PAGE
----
Social media moves fast. Opinions are cast about, sometimes without further thought. At times, this is okay. Other times, we may have just washed our credibility down the drain. It is sort of like the high school kid who posts a ton of inspirational Bible verses during the week, and all weekend there are photos of them either drunk, or with alcohol in hand at a party. Which image are you going to remember? The underage drinking, or the Bible verses?
I like to follow certain agriculture blogs, and have found it worthwhile to connect with them on Twitter and Facebook as well. It seems to be a more complete picture of the message they would like to convey. I know I’m not the only one, judging by the traffic on those sites.
Today, there was a lot of conversation going on about this speech that made the news last night. I read the article, and decided to digest it a little while before commenting. I watched my Facebook and Twitter feeds, looking to see what others had to say as well.
I have many friends that farm organically, and I have many friends that farm conventionally. When we are together, we do not throw barbs at one another, or make inflammatory remarks about their methods of farming. We are passionate about what we do, and want to promote our products. That is not a bad thing. Every farmer should be proud of what they raise.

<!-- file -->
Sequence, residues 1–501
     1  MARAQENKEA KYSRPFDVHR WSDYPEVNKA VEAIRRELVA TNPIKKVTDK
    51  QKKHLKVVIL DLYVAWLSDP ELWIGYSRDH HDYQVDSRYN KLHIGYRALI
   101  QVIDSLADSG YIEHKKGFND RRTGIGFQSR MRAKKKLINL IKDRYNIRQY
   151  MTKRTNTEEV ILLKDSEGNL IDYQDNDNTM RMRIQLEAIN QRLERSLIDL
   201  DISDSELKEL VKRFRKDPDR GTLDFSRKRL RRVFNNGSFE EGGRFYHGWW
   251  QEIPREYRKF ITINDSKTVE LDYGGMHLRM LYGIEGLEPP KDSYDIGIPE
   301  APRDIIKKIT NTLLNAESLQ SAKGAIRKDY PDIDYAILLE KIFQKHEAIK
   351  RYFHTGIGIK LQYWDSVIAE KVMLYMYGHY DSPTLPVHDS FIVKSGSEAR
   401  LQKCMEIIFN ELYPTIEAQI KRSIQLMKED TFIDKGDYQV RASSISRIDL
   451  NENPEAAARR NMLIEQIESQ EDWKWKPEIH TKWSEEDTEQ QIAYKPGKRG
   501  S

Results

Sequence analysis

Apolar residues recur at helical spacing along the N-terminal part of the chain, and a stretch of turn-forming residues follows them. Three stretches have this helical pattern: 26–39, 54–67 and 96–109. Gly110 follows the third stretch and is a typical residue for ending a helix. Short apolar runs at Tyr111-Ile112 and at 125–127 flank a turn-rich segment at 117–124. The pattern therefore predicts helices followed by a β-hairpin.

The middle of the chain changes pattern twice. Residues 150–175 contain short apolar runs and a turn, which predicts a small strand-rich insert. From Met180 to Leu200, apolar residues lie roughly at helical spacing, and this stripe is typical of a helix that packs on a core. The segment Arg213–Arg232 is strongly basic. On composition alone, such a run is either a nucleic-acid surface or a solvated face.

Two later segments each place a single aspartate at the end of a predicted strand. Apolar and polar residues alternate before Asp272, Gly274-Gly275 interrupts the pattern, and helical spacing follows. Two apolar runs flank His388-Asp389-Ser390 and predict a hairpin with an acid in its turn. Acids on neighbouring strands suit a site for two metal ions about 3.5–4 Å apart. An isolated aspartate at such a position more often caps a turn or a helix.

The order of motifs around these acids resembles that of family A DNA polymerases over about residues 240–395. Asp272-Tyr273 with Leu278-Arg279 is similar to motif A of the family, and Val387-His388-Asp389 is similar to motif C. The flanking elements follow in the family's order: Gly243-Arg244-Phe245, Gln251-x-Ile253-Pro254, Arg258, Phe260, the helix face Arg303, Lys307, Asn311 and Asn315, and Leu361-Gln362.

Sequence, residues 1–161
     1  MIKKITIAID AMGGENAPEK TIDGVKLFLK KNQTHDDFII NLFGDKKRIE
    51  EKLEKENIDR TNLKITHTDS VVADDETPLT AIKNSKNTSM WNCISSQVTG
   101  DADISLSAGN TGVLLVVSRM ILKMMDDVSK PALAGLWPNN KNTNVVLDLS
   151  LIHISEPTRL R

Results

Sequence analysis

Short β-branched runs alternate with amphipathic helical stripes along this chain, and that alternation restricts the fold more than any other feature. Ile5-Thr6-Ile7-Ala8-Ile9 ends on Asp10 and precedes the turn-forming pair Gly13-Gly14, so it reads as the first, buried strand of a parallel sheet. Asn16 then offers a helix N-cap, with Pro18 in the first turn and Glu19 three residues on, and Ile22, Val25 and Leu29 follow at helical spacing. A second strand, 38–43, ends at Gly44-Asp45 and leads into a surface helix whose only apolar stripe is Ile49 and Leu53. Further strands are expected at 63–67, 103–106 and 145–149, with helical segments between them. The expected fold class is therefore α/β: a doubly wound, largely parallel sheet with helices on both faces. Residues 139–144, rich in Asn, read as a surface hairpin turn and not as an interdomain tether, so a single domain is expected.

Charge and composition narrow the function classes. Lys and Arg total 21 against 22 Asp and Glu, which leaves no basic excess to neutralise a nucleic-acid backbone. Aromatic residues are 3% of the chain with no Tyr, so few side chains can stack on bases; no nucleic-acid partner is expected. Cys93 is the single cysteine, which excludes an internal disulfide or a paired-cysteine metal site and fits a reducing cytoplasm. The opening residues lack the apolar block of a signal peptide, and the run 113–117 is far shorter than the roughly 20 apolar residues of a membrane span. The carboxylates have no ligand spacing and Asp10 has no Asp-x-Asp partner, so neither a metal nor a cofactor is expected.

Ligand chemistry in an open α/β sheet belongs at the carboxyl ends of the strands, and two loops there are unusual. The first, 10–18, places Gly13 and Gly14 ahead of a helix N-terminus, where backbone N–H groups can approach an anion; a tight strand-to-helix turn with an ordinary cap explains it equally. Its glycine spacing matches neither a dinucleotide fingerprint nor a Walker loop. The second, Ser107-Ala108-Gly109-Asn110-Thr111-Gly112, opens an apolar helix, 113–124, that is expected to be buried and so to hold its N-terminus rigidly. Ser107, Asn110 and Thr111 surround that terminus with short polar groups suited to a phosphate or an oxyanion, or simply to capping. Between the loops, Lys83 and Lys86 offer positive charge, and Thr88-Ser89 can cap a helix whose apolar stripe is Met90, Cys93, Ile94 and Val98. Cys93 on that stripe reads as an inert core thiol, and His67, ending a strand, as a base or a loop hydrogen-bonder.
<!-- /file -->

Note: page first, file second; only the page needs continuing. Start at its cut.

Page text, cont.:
There are times when passion takes over, and lines are crossed. It makes me sad when farmers are attacking one another, just because they farm differently. The trend this afternoon has been to take snippets of Mark’s speech (linked above), and use it to bolster their opinion. How does this make us any better than the activists who are bent on putting us out of business, simply because they have an impassioned opinion about what we do?
Jonathan and I both share the opinion that there is room for all kinds of agriculture in the United States. This means that I try very hard not to put down farming practices that are different from mine. I learn more when I try looking at things from a different angle, or try understanding where another person is coming from.
To be honest, I was hoping people would react to Mark’s speech in a way that could heal some of the division we are seeing in agriculture. I would challenge others to view the speech not as validation for any one point of view, but as a courageous admission that maybe we don’t know everything. I challenge my friends and neighbors to stand up for each other. Support the farmer’s choice for how they farm their land, or raise their animals. Our goals are all the same, really.
This leads me to ask, what messages are our readers hearing? The ones where we say agriculture needs to be united, or the messages where we put down that which is different than our own?